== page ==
An exhaust gas cleaning system, also referred to as a scrubber, can take three forms; open-loop scrubber, closed-loop scrubber, and hybrid scrubber. Today, approximately 80 % of exhaust gas scrubber systems installed on vessels are open-loop scrubbers due to their low installation and operation costs. About 17 % of all scrubbers are hybrid scrubbers as they deliver some insurance in terms of compliance. With merely 2 %, the least installed scrubber is closed-loop scrubbers despite it being the best solution to comply with the tightening environmental regulations. There are significant differences between the scrubbers and their impact on our ecosystems, wildlife, and human health.


Open-Loop Scrubber

An open-loop scrubber utilizes seawater to scrub the exhaust gases. Thus, this method exploits the natural chemical composition of seawater. The seawater is pumped into and fed to the exhaust gas cleaning system, and afterward, it is discharged. Still, the discharged water must abide by the scrubber wash water discharge limits set by the IMO. Learn more about the scrubber water discharge limits here. 

In order to obtain this water quality, huge quantities of seawater are pumped into the system. This ultimately delivers low turbidity, low pH, low temperature, as well as a low concentration of polycyclic aromatic hydrocarbons (PAHs). As this process demands large quantities of seawater, much wash water is generated, which is both more acidic and turbid than natural seawater. This is discharged overboard without any wash water treatment, which harms ecosystems and wildlife as the water can contain gaseous and particulate emissions, particulate matter (PM), PAHs, heavy metals, nitrate, and unwanted particulates such as soot and ash. Moreover, as this solution requires much water, it requires a large pumping capacity. 

Simply put, open-loop scrubbers move the pollution from air to sea, causing ocean acidification. To combat ocean acidification, several countries have adopted an open-loop scrubber ban. See the complete list here. If a vessel operating an open-loop scrubber wants to enter these countries or the ECA, it must convert to a hybrid scrubber or a closed-loop scrubber. Alternatively, it can also switch to a more expensive compliant fuel containing a lower amount of sulfur or an alternative fuel with no sulfur. To accommodate this, an increasing number of open-loop scrubbers are designed as hybrid-ready, making it easy for shipowners to upgrade to a hybrid scrubber.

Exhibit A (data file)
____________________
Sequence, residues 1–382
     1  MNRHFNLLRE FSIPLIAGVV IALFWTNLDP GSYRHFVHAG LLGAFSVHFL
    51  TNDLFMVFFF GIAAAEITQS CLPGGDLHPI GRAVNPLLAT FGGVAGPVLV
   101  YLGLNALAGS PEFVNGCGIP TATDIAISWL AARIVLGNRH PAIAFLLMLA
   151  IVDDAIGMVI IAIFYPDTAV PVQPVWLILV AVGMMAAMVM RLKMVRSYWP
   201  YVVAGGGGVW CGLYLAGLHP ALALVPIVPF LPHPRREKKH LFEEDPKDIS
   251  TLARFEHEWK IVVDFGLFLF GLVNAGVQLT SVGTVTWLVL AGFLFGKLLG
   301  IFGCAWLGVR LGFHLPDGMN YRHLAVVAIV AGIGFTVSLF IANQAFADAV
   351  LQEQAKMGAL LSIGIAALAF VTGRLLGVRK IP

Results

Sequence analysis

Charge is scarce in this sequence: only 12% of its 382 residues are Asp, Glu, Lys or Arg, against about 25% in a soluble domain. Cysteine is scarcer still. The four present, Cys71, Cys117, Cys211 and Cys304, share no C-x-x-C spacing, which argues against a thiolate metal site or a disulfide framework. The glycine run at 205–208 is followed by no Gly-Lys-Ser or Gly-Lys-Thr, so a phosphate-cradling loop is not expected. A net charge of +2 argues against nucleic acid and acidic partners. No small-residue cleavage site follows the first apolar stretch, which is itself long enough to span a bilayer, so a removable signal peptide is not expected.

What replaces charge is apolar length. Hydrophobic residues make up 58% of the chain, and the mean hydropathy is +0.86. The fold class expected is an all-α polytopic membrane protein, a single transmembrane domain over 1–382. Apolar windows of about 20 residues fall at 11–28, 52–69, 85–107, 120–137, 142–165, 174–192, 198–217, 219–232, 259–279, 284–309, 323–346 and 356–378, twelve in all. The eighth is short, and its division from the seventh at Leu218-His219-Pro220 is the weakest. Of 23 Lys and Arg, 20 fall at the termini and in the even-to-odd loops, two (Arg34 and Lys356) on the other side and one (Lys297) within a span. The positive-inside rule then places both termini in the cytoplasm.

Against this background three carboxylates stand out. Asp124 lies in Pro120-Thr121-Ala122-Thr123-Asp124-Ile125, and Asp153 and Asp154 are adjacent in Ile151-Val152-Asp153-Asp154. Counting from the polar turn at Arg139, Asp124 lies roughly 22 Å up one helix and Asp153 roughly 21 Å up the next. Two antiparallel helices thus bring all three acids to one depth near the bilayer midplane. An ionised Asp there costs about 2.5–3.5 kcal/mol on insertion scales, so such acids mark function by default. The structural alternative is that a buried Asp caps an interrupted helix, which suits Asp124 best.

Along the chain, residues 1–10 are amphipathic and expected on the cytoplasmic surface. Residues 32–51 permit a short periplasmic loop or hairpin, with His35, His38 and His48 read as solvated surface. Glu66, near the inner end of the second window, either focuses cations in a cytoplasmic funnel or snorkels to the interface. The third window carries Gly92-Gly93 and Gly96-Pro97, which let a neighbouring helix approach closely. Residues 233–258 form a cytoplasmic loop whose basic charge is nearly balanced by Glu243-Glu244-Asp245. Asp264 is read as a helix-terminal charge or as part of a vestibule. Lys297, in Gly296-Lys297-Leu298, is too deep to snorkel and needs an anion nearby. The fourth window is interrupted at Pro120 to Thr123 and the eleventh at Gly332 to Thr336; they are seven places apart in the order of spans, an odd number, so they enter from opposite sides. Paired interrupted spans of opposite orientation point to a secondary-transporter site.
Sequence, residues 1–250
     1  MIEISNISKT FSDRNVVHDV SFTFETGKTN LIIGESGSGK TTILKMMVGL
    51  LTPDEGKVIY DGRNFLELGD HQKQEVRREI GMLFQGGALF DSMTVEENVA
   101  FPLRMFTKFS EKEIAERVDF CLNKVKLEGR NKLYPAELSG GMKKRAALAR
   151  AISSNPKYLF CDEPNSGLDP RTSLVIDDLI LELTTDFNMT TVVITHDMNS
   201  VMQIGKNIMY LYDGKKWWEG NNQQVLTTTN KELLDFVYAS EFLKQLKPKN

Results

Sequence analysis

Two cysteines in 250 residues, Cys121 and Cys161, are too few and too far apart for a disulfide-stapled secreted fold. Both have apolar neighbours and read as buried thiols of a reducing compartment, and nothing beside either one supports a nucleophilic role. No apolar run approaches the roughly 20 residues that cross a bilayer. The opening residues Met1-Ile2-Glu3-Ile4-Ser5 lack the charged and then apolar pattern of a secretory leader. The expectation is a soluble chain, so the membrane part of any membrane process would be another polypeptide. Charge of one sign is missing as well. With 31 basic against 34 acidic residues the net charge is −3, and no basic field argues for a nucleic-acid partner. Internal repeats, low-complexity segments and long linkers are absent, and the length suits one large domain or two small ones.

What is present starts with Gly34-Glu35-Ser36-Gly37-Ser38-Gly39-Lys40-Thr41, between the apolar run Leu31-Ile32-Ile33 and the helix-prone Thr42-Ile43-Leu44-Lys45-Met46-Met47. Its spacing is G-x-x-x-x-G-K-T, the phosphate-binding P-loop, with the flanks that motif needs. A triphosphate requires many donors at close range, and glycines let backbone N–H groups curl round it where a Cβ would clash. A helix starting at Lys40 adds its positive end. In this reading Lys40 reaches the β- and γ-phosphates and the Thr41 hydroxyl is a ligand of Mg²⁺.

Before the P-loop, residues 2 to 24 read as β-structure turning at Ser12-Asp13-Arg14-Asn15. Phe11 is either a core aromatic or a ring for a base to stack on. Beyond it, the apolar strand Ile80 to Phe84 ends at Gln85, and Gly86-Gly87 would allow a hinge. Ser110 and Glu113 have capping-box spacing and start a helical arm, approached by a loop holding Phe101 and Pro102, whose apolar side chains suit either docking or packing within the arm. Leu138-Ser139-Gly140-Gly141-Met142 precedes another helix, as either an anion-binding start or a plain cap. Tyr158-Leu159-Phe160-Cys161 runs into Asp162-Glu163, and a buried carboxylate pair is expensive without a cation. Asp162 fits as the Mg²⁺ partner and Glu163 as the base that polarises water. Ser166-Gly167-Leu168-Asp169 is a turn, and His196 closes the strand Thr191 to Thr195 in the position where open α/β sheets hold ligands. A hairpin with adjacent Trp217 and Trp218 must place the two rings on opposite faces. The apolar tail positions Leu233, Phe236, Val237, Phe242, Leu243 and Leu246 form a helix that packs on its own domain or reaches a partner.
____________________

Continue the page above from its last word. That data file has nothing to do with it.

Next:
Additionally, a paper conducted by Ship & Offshore on Open-loop scrubber discharge bans identifies that open-loop scrubbers are not effective if salinity levels are low. If salinity is low, more water needs to be pumped into the system. Both freshwater, brackish water, and seawater are not adequate for an open-loop scrubber at high ambient temperature. Therefore, an open-loop scrubber is highly dependent on its operating conditions. This makes it an inadequate technology for areas where the salinity levels are low.Open-Loop Scrubber Illustration - LiqTech Water


Closed-Loop Scrubber

Closed-loop scrubbers typically utilize alkaline-dosed seawater to scrub the exhaust gas.  A closed-loop scrubber only requires half the amount of water to clean the exhaust gas streams than that of its open-loop scrubber counterpart, making it more energy-efficient. 

Seawater is pumped into the scrubber’s process tank, where the pH is adjusted by adding alkalis such as sodium hydroxide (NaOH), also called caustic soda or magnesium hydroxide (MgOH). Dosage can also be inline before the scrubber. Besides this alkaline, no other chemicals are needed to neutralize the scrubber wash-water. From the process tank, the water is pumped through the scrubber tower and back to the process tank.